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Annual ABA ISC+EDDE Meeting After-Report

The Saturday and Sunday preceding RSA has historically been set aside for the annual meetings of the American Bar Association (ABA) Information Security Committee (ISC), and now it's sister eDiscovery and Digital Evidence Committee (EDDE). This year we had very good discussions, particularly on the ISC side of the house (admittedly I spent more time there than with EDDE). There seemed to be some very interesting themes that were either new or escalated from previous years.

By the way of a little background... the ABA allows non-lawyer Associate members to join and participate in certain committees. The ISC is a perfect example where non-lawyer SMEs work directly with tech-savvy or tech-industry attorneys in partnership to help benefit the entire industry. EDDE is aligned along the same principles, but with a narrower focus.

Breach Notification
As per usual, there is a growing need and demand for, and burden from, breach notification laws. We need better data in order to help structure improved practices, push forward better risk management (and legal compliance) frameworks, and so on.

Protecting ePHI
HIPAA and HITECH are the big sticks motivating the healthcare industry these days. The bad news is that the industry is in no way ready to deal with these problems. Fortunately, legal departments are providing a lot of leadership in helping these organizations institute change. Unfortunately, legal professionals in generally are still far behind the curve on understanding the technical requirements in a meaningful way. Toward that end, the ABA is working to produce a ton of guidance (albeit in their regretfully long publishing pipeline) on the topic, and the ISC is directly engaged in producing these works, as well as working to proactively educate lawyers and the judiciary.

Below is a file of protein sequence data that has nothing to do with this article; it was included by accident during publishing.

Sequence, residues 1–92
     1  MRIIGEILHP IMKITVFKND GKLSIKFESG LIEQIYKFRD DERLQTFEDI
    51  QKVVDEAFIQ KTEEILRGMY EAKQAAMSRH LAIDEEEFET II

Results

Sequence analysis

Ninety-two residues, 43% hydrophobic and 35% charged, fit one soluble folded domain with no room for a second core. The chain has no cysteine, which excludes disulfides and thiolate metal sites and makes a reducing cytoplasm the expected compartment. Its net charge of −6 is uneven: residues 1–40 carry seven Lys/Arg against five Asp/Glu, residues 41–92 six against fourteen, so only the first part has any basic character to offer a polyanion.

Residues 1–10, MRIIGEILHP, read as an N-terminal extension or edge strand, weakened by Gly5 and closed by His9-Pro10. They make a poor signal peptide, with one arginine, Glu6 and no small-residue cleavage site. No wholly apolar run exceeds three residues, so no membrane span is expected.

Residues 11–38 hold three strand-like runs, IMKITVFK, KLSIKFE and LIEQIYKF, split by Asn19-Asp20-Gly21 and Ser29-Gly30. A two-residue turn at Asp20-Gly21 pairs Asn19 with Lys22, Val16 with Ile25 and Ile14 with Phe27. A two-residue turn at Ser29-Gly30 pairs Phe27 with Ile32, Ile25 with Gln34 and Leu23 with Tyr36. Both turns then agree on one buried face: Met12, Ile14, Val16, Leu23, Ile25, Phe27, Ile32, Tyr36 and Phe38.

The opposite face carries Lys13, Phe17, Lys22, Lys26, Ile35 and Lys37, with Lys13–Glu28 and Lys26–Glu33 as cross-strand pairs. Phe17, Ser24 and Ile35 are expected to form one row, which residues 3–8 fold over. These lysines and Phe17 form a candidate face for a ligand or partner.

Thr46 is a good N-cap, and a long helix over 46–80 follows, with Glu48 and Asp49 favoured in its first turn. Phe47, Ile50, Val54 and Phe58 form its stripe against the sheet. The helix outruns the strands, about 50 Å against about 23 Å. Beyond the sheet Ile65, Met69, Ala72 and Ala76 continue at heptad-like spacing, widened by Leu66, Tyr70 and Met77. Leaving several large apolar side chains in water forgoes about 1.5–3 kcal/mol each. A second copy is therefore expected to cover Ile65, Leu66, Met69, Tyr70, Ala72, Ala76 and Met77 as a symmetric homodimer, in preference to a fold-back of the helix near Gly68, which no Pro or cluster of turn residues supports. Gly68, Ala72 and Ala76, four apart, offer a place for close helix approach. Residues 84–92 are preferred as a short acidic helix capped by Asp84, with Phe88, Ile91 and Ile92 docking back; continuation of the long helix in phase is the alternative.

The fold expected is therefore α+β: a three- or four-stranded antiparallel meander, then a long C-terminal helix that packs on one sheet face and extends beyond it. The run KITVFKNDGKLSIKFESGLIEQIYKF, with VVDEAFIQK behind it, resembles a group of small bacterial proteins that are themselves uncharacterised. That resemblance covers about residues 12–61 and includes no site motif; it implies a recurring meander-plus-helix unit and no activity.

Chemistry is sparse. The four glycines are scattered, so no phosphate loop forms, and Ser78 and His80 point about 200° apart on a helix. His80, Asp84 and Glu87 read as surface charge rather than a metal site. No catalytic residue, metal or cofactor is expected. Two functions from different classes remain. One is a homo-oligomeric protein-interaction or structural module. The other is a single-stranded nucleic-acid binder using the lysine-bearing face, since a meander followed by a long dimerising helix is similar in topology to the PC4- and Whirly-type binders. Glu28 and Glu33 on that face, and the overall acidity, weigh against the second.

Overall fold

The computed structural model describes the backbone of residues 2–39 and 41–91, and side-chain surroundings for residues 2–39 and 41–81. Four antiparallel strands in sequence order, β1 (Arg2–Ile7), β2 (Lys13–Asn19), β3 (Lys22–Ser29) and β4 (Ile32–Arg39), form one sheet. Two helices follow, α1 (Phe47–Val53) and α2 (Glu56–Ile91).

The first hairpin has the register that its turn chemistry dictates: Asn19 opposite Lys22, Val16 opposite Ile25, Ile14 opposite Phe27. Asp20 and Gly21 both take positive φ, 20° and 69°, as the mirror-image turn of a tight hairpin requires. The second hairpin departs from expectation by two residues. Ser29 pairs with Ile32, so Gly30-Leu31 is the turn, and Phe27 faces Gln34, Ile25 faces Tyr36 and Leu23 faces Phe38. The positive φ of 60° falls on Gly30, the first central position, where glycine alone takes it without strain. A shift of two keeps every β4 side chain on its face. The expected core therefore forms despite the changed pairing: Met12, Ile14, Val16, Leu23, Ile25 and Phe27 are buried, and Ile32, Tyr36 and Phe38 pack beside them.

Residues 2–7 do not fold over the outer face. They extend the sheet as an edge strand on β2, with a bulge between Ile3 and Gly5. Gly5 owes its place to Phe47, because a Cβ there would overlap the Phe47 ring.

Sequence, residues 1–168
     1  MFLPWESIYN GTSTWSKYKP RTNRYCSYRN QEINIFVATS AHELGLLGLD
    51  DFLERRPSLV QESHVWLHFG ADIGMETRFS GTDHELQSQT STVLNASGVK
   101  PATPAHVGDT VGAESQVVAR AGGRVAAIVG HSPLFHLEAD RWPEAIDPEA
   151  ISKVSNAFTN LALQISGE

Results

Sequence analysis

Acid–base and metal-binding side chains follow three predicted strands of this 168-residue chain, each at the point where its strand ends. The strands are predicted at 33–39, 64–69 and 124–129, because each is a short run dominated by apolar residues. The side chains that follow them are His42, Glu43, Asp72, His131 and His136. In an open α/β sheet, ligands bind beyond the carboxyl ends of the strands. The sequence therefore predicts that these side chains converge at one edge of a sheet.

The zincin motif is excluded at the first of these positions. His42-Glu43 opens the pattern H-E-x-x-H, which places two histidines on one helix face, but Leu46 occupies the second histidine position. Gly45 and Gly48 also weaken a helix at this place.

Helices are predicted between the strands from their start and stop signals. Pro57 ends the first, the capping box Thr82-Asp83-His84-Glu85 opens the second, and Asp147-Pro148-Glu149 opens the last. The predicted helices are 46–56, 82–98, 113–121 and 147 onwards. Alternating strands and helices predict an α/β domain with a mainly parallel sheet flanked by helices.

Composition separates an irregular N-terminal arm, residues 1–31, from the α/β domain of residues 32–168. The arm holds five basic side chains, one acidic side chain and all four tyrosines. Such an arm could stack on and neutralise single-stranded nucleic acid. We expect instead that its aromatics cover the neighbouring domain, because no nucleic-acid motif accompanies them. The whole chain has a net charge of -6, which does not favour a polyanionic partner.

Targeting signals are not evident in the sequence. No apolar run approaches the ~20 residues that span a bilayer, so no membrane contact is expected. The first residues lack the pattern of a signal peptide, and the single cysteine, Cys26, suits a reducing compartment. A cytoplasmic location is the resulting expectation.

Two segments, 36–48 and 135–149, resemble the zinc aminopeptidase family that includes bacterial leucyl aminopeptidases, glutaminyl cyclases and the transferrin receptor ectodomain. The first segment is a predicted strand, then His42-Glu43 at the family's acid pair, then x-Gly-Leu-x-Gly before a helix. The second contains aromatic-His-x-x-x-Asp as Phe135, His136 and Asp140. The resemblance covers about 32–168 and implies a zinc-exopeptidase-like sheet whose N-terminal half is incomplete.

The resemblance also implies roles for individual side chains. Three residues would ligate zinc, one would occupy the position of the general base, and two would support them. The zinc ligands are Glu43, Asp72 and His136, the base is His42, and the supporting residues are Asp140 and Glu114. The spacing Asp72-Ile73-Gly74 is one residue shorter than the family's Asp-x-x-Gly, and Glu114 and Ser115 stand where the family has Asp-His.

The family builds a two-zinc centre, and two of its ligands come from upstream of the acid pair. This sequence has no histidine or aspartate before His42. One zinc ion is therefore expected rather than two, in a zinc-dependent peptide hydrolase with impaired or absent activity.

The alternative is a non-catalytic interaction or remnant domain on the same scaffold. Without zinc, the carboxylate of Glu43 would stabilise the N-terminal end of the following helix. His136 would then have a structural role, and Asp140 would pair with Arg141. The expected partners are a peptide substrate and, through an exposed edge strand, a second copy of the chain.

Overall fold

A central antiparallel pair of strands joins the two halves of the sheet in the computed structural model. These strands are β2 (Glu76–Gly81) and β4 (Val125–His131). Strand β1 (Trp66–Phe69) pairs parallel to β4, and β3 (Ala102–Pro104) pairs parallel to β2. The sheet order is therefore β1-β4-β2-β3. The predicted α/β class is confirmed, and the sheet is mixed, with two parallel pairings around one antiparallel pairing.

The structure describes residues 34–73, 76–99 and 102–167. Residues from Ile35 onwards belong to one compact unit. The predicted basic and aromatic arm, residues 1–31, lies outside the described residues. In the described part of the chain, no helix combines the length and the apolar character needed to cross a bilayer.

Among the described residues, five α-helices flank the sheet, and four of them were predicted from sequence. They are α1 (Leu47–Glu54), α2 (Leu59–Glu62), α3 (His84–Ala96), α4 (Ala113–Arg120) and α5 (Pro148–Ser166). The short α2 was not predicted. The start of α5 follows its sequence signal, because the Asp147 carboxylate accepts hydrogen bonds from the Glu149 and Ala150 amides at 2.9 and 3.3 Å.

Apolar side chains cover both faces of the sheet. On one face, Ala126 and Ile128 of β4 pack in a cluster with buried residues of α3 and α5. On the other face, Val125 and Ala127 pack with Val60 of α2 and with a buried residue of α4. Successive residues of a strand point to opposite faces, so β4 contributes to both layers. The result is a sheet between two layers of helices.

Imperative for Change
An ongoing theme from the ISC committee is a desire to assist with, if not shape, the legislative process. There are increasingly dire needs in areas like breach notification and reporting, supply change integrity, and so on, where the business world as a whole could benefit from a few sane, well-thought, well-written laws (rather than what we normally get;). To that end, many members have a keen interest in finding ways to help instigate change in a variety of arenas using various methods. This continues to be a strong theme.

Ongoing eDiscovery Challenges
The best quote from the entire weekend was from K. Krasnow Waterman based on her academic research/analysis on eDiscovery tools. She said that they are still finding that a good analyst with a poor tool still performs far better than a poor analyst with a very good tool. This observation of course applies well beyond just eDiscovery (SIEM, for example). Nonetheless, there remain challenges in this vertical despite the emergence and evolution of reasonable tools. One of the key areas mentioned was a lack of good sample data that can be used to develop and test tools against. It will be interesting to see how this area progresses in the future. The good news is that there are now tools that can handle billions of records, meaning real progress is being made.

Legal Defensibility in InfoSec

Thanks in large part to my friend Dave Navetta (co-chair of ISC), the phrase "legal defensibility" is starting to make it's rounds. And, even more encouraging is that lawyers actually grok the concept and are using (perhaps already) the term "defensibility" in their regular language. The next step will be expanding on the interest and use to get lawyers to start driving the term into their businesses and IT departments. Forget about compliance, it's time to think as an attorney: when you get sued, how will you protect yourself?

Overall, I thought this was an excellent round of meetings. ISC is working on several projects that have the potential for producing meaningful results. Now we just have to follow-through and get stuff done.


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